There has been much commentary suggesting bonds have gotten overvalued due to historically low rates.
“Stocks are expensive, but bonds are enormously overvalued on a long-term basis” – Jeremy Siegel
However, is that the case?
There is no argument stocks are highly overvalued. We spent much of the past week discussing why forward returns will be lower over the next decade.
The basic premise is that overpaying for earnings today leads to lower rates of return in the future. Of course, given the flood of liquidity from global Central Banks, the overvaluation of markets is of no surprise.
However, while analysts develop various rationalizations to justify high valuations, none hold up under objective scrutiny. While Central Bank interventions boost asset prices in the short-term, there is an inherently negative impact on economic growth in the long term.
However, bonds are a different story.
Bonds Can’t Get Overvalued.
Unlike stocks, bonds have a finite value. At maturity, the principal gets returned to the “lender” along with the final interest payment. Therefore, bond buyers are very aware of the price they pay today for the return they will get tomorrow. As opposed to an equity buyer taking on “investment risk,” a bond buyer is “loaning” money to another entity for a specific period. Therefore, the “interest rate” takes into account several substantial “risks:”
- Default risk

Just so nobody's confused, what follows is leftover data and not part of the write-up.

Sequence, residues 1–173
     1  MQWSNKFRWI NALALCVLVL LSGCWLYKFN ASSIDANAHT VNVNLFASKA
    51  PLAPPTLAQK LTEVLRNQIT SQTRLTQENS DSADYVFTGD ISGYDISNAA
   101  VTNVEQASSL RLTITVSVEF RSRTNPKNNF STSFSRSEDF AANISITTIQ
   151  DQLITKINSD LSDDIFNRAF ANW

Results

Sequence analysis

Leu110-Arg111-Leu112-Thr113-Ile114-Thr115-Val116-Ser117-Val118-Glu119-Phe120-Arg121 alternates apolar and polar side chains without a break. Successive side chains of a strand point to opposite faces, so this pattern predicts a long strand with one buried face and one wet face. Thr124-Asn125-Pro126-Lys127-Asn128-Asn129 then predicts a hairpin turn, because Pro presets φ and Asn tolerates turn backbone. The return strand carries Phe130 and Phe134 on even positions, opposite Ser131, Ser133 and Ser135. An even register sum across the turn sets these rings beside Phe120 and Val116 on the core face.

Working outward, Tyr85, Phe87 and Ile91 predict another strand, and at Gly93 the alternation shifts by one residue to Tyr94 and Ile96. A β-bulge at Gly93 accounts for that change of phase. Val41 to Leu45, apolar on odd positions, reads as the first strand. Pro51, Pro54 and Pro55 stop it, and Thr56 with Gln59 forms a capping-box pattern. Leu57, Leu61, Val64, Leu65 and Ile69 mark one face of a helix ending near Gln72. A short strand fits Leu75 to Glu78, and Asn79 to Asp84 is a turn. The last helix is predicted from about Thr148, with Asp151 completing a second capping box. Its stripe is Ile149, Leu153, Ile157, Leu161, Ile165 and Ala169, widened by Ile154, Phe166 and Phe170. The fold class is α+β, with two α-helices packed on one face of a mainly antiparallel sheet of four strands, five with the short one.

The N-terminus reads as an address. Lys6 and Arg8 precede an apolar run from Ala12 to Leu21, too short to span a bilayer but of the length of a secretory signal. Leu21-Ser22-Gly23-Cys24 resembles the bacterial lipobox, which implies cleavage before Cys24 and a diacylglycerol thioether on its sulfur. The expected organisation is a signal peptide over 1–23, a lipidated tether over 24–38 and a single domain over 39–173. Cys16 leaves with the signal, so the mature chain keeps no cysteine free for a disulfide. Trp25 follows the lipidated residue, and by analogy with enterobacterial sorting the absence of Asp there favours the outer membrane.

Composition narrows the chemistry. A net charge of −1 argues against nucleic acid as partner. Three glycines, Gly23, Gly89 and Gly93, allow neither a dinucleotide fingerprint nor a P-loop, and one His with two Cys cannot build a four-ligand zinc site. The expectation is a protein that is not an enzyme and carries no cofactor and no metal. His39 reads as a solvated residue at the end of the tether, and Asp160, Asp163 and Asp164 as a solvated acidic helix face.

- Rate risk
- Inflation risk
- Opportunity risk
- Economic growth risk
Since the future return of any bond, on the date of purchase, is calculable to the 1/100th of a cent, a bond buyer will not pay a price that yields a negative return in the future. (This assumes a holding period until maturity. One might purchase a negative yield on a trading basis if expectations are benchmark rates will decline further.)
As noted, since bonds are loans to borrowers, the interest rate of a bond is tied to the prevailing rate environment at the time of issuance. (For this discussion, we are using the 10-year Treasury rate often referred to as the “risk-free” rate.)
However, with existing bonds traded on secondary markets, the price is determined by the difference between the coupon rate and prevailing rates for similar obligations. The benchmark rate acts as the baseline.
A Very Basic Example.
Let’s review an example.
- Current benchmark interest rates = 5%
- A $1000 bond gets issued at 100.00 (par) with a 5% coupon with a 12-month maturity.
- At the end of 12-months, Bond A matures. $1000 gets returned to the lender with $50 in interest, equating to a 5% yield.
For the person who loaned the money, the 5% coupon for 12-months is sufficient to offset various market and economic risks.